One night the MoaR was hanging out by the faucet in the sink, and it crawled up M's arm when he turned on the water in the dark. Shrieks ensued, and the roach zipped back to its lair under the shower stall. M proceeded to spray the area with Baygon. A little while later, the roach was on its back, frantically kicking its legs in the air. Presuming it was on its death bed, M tossed it into the trash can, slammed the lid. The next day, I opened the lid to throw away a tissue and the MoaR was very much alive and attempted to escape immediately. Asked M to finish it off. Tentatively opening the lid, M peered in and the MoaR flew out. It managed to land on and scamper up M's arm again (poor man) before jumping into the sink where it got smashed by a magazine. Heart-pounding, we felt relieved the ordeal was over. Until the next one appeared.
This one hitched a ride on M's leg and made it outside the bathroom to the kitchen, where it is still at large. *Shudder*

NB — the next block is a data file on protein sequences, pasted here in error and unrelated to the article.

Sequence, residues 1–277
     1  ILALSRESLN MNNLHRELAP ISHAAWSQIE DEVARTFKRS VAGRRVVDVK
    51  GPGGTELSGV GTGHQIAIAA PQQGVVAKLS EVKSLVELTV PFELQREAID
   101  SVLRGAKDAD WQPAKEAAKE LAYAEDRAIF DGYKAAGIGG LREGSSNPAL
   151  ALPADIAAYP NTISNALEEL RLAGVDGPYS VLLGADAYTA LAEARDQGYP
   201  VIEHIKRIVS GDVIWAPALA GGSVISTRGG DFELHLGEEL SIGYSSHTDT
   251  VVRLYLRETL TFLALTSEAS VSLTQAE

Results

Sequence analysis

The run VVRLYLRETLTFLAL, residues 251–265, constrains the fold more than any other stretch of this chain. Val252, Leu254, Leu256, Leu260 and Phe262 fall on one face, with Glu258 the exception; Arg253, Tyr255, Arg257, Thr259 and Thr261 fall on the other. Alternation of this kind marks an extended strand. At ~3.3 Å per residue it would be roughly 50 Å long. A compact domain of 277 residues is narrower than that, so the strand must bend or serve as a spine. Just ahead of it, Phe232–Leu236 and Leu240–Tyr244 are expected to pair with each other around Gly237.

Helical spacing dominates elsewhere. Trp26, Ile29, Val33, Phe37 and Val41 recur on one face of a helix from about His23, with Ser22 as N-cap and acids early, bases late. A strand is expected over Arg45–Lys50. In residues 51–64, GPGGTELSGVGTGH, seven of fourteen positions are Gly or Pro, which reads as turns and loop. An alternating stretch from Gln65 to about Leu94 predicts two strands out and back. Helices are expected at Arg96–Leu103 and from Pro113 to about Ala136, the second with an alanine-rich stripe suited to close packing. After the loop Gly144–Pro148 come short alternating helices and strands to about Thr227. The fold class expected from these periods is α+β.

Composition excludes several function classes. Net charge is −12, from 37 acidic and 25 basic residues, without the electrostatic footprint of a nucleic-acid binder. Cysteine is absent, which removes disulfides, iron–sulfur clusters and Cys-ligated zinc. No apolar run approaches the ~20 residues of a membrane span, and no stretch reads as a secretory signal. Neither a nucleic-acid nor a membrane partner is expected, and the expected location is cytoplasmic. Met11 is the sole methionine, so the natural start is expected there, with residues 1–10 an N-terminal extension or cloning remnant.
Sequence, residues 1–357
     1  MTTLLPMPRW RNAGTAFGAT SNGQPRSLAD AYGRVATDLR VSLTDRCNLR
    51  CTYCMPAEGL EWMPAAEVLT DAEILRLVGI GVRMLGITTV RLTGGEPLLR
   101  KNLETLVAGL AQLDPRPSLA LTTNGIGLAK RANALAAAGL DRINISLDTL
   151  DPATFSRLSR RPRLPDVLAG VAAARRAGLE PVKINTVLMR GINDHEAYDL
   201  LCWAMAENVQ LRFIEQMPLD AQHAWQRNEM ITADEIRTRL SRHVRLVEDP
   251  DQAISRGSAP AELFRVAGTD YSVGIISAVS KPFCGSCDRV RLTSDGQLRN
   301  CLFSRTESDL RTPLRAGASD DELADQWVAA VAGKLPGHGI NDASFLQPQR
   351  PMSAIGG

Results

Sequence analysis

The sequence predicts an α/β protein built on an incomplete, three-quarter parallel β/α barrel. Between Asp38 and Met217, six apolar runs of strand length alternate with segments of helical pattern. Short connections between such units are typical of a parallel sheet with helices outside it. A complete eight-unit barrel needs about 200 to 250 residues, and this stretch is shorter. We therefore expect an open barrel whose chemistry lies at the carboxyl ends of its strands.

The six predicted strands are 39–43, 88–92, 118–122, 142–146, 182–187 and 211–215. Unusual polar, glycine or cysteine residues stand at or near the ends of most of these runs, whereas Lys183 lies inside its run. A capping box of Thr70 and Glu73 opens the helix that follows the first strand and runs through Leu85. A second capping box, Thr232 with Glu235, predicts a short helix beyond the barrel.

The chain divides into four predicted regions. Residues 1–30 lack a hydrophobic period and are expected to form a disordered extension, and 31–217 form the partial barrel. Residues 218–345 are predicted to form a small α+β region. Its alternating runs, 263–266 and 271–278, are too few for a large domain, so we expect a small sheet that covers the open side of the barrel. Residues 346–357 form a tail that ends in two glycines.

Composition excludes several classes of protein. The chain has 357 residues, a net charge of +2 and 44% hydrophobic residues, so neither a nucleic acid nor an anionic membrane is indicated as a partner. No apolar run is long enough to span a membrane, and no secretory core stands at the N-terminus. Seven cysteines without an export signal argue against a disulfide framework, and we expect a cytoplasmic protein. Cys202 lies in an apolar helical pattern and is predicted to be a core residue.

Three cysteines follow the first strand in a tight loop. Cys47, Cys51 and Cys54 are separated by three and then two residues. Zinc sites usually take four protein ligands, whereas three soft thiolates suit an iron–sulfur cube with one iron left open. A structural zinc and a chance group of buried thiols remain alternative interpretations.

Monday, August 15, 2011
N has picked up a lot of words lately, chatting non-stop. She's mostly coherent, but it sometimes takes awhile to figure out what she's saying. Interestingly, while we speak to her in English and Thai, she mostly speaks Thai. She also refers to herself as Sa. Some recent phrases:
Upon wanting to play with my phone: ษาทำได้ Mama ทำไม่ได้ [Sa can do it, Mama cannot]
To her Thomas trains: จูบกันนะ [Kiss each other, ok]
Wanting some iced tea: Tea ค่ะ
Waving to her stuffed animals: See you นะ bye bye
Climbing on the bed (since falling off and banging her head earlier): Mama ช่วยดูษาน้อยค่ะ [Mama, please watch me/make sure I don't fall]